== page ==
saskyas (-an) -vb. to attempt

sanas (sarran) - vb. to be

usameras (-an) - vb. to gather

Following a suggestion of Moonhunter I have begun to designate multiple names those things with which the rangers are more likely to have contact...

nologsor (ir) - n. aurora

brisas (-an) - n. sun

mun (-uan) - n. evening

asen (asin) - n. morning

stankas (-an) - n. V-shaped valley

umillor (-ir) - n. fertile lake basin

kugidor (-ir) - n. large enclosed lake

gmab (-ob) - n. sheer rockface

kandor (-ir) - n. climbable but tricky rockface

sulondor (-ir) - n. crag

kundas (-an) - n. precipitous track up a rockface

ankeras (-an) - n. a difficult climb

ufas (-an) - n. exposed tarn

renakas (-an) - n. sheltered tarn

daa - n. the prevailing wind

Directions:

There are twelve points of the compass which pretty much any ranger will know. Each ranger also has his own individual set of ideas for navigation. For instance rangers in the high passes are much more likely to use the names of constellations to define directions than those who live in the misty valleys and cannot see the stars.

The following directions are those commonly used by the mid-mountain rangers, and makes references to peaks which can be seen from there. Obviously the direction 'towards Muradin' is no use to someone standing on top of Muradin.

Kis - along the spine of the mountain range (the line 6 - 12 in the diagram)

Daa - in the direction of the prevailing wind (10 in the diagram)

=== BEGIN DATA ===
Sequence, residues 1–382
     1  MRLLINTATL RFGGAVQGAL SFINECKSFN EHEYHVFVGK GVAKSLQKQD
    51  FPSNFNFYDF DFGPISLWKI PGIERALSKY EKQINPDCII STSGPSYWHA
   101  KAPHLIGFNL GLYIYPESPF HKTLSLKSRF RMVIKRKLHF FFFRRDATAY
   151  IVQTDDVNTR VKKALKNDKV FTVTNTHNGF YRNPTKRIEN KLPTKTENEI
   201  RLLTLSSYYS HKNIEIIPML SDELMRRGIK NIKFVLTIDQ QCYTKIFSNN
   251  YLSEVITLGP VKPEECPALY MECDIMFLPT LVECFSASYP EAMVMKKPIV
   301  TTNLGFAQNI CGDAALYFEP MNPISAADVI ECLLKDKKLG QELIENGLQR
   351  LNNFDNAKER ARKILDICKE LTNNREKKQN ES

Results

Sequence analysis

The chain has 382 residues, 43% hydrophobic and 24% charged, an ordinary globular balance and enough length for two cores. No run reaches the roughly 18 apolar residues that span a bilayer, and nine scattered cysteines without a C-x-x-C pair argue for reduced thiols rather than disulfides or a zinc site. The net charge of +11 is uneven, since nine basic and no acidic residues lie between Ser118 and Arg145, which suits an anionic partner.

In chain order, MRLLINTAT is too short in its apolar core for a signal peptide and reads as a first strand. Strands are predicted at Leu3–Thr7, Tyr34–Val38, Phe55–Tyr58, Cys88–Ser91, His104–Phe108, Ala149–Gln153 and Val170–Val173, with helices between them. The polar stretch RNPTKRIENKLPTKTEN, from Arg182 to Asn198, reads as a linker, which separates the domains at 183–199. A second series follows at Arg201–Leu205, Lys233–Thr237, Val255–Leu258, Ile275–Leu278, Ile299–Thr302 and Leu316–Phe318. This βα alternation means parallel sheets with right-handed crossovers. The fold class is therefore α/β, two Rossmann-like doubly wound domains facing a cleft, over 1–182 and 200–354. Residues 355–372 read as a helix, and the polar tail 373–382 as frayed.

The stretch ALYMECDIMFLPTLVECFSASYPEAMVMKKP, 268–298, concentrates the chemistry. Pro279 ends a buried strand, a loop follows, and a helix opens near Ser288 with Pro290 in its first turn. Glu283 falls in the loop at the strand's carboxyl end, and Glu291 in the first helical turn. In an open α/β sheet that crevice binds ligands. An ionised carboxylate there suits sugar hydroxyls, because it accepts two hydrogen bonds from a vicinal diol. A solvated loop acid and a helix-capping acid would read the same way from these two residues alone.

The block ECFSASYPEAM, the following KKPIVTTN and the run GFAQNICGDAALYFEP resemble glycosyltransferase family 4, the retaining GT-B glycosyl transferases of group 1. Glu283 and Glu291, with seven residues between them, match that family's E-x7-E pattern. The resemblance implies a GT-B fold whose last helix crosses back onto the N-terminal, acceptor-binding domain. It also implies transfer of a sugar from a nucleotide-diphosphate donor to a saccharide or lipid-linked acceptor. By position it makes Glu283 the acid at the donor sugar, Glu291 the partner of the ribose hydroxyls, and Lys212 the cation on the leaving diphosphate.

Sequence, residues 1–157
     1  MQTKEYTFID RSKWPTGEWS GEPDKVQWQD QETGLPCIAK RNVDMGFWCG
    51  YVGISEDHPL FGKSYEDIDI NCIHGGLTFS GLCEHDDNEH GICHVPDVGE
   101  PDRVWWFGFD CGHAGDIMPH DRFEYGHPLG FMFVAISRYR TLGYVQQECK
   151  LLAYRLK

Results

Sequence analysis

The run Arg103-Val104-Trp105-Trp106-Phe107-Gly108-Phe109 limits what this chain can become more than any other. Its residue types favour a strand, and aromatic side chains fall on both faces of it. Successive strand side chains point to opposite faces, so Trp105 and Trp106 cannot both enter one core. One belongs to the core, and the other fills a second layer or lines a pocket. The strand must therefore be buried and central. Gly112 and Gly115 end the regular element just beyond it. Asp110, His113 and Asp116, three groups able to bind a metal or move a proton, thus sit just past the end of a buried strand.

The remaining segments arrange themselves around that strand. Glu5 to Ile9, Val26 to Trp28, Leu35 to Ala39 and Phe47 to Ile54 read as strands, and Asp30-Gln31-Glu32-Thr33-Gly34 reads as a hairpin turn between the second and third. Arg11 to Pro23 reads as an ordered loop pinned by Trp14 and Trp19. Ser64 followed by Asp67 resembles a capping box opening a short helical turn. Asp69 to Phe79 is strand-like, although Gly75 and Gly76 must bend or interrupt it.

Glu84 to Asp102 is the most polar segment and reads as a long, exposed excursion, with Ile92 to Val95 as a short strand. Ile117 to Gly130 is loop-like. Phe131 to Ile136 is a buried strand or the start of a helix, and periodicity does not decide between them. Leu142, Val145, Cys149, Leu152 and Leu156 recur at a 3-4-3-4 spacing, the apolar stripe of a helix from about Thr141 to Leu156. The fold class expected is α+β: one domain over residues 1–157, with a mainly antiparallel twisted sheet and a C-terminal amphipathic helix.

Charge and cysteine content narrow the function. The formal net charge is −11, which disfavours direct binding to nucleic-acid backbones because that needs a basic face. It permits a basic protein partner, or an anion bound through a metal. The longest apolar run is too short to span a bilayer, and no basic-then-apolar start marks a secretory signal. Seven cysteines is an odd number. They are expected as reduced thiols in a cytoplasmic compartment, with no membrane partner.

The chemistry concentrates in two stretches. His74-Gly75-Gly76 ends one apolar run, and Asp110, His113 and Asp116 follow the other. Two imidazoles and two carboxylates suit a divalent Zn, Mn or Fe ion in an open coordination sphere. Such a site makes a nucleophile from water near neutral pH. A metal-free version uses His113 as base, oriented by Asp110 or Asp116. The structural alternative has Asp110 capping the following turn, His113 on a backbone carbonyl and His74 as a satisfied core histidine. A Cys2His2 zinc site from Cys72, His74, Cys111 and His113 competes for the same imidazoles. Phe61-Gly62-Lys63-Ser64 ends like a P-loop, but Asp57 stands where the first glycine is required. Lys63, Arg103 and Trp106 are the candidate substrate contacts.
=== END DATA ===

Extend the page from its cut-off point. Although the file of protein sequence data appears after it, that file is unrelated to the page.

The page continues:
Kis-ki - along the spine but in a northwards direction (12 in diagram)

Kis-ko - along the spine but in a southwards direction (6)

(Kis-ji - from the northern spine)

(Kis-jo - from the southern spine)

Daa-ren - in the opposite direction to the prevailing wind (4)

Senash-ki - in the direction of the Shenael forest (2)

Muradin-ki - towards the peak Muradin (11 although can be 10 or 12 depending on where in the mountains you are)

Golgin-ki - towards the peak Golgin (5)

Fenrin-ki - towards the peak Fenrin (7)

(There are many more directions based on the locations of peaks)

Jukob-ki - in the direction the merchants' caravans take (9)

Asur-ki - in the direction of the river Asur (8)

Nologsorki - towards the direction of the aurorae (1)

Teguru - on the scree-side (3) (this side of the mountains tends to be more weathered and hence have more scree)

Brismu - (lit. sun in the evening) in the direction of the setting sun (3)

Brisasen - (lit. sun in the morning) in the direction of the rising sun (9)

? Responses (5)-5

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Goto Author

Now we are talking here. Colangs are exceptionally fun to do, if you have the time, patience, and understanding. Only really dedicated players will use it once you have it, though you as the GM can utilize in a variety of notes and such.

That is why I always use a couple of 'tells' and a few shortcuts to designate a language rather than the language itself.

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Goto Author

This is great. I wish I could totally do this myself, but alas i am lazy when it comes to the mechanics of this. I tried already. I did come up with a very simple Thieves cants once that I will try and locate, but it was no where near this complete.

Good job.

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Goto Author

I could have sworn I commented on this half an hour ago!

Oh well: It is the little details like this that makes a setting come to life. Thinking back on the years gone by, I realize that the key to success lies in the trivia.

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Goto Author

Love the level of detail here. Of course I love these type of things:)

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Goto Author

Yeah, wow, so darn *specific* and pleasantly detailed!

Cant of the Mountain Rangers!! Every time I start thinking that no one loves world-minutiae like I do, I come across something like this, and marvel :)